To begin 2023, La Montaña Tlachinollan Human Rights Center published a bulletin entitled “Between Ephemeral Spectacle and Permanent Violence” in which it contrasted the “golden dream that thousands of national and foreign tourists enjoyed” on New Year’s in Acapulco (with more than 90 percent hotel occupancy) and the violence that is experienced in the periphery and other regions of the state of Guerrero.
It pointed out that “the great social contrasts that exist in Acapulco, instead of being reversed, have deepened. Corruption has no control. The municipal administrations are managed in a factious manner and in opacity. There are no high-impact investments that improve basic services (…) [in the face of] so many deficiencies that persist in a city devastated by violence, insecurity, corruption, unemployment, and the abandonment of peripheral areas.”
It added that “the absence of public institutions to meet the most basic needs is worrisome. This vacuum of authority has been covered by the bosses of organized crime, which exercises control of various lines of business and has under its control groups of transporters, street vendors and settlers who impose their law and work for their cause.” It further stated that “the same neighboring communities that are part of the Acapulco metropolitan area are already within this criminal network. The route that goes to the Costa Chica is a route controlled by “Los Rusos” who have established agreements with some UPOEG commanders, as was the case of “El Pino” and with elements of the ministerial police. The same happens with the freeway to Chilpancingo where several communities such as El 30 or Xaltianguis have become strategic places, to the extent that the entire route that reaches the state capital has become a permanent dispute over the transfer of drugs. This expansion has claimed lives and the most serious thing is that the municipal authorities prefer to close their eyes or ally with these groups to guarantee relative governance in the most important municipality in the state”.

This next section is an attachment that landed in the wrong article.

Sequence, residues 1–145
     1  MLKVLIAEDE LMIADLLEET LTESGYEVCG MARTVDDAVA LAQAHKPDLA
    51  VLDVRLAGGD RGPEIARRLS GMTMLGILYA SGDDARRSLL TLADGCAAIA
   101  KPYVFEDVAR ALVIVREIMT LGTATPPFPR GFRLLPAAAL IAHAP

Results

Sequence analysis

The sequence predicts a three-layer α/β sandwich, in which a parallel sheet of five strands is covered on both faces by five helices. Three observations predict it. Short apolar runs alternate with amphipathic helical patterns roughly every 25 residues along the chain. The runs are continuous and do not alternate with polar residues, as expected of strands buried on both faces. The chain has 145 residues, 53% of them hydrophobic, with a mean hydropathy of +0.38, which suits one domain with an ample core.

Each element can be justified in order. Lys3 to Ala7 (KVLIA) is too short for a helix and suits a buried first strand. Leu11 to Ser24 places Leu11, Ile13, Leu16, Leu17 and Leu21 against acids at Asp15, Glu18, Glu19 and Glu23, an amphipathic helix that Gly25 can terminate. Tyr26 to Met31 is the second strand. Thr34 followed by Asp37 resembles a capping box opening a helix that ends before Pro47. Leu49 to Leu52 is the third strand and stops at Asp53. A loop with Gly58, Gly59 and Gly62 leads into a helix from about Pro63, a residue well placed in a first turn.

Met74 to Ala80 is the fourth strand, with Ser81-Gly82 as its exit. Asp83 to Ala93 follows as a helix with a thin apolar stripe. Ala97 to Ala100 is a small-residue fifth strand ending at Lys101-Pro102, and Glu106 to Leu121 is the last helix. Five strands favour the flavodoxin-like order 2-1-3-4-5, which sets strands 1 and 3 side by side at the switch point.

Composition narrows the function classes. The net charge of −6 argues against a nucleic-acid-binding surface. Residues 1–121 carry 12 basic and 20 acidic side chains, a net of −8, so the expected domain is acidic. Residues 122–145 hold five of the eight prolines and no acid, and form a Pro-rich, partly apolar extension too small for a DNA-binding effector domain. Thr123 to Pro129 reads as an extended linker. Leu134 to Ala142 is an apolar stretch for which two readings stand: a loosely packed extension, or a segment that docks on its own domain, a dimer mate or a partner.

It denounced that “this phenomenon is replicated with greater or lesser intensity in the six regions of the state.” Tlachinollan also expressed that “the state panorama is bleak not only because of the violence that is spreading, but also because of the growing power of criminal organizations that have settled in various regions and have shown they have control of the same town halls. They are part of the economic players who with their illegal activities have ventured into basic businesses to launder money and at the same time strengthen their presence in regions and communities where there are no government institutions or programs that meet the most basic needs. The returns of the criminal economy have multiplied and now they are preparing to control even basic food products. In several regions this phenomenon is already a reality that has caught the general population in its claws that has resigned itself to obeying the orders of the turf bosses, to ensure their survival. The scenario that the governor has is complex, the challenges are enormous and extremely explosive. The x-ray is already clear and the diagnoses of major risks are focused. It is a daunting task that requires the determined intervention of the federation, but it also has to rely on the population itself, on social organizations, on the movements of victims who constantly fight to find their loved ones and demand attention, because there is a gross neglect of their demands.”
For more information in Spanish:
Guerrero, entre el espectáculo efímero y la violencia permanente (Tlachinollan, 2 de enero de 2023)
Guerrero, entre el espectáculo efímero y la violencia permanente (El Sur, 2 de enero de 2023)
For more information from SIPAZ:
National: Oaxaca, Guerrero and Chiapas – Three Most Dangerous States in Mexico for Defense of Human Rights (December 12, 2022)
Guerrero: #25N Afro-Mexican and Indigenous Women Demand from Costa Chica Halt to Femicides (December 1, 2022)
Guerrero: Three CIPOG-EZ Members Murdered; “They Are Killing Us” They Warn Lopez Obrador (November 9, 2022)
Guerrero/National: Social and Human Rights Defenders under Threat from Army (October 21, 2022)
Guerrero: Al menos 20 personas fueron asesinadas por comandos armados en San Miguel Totolapan (October 6, 2022)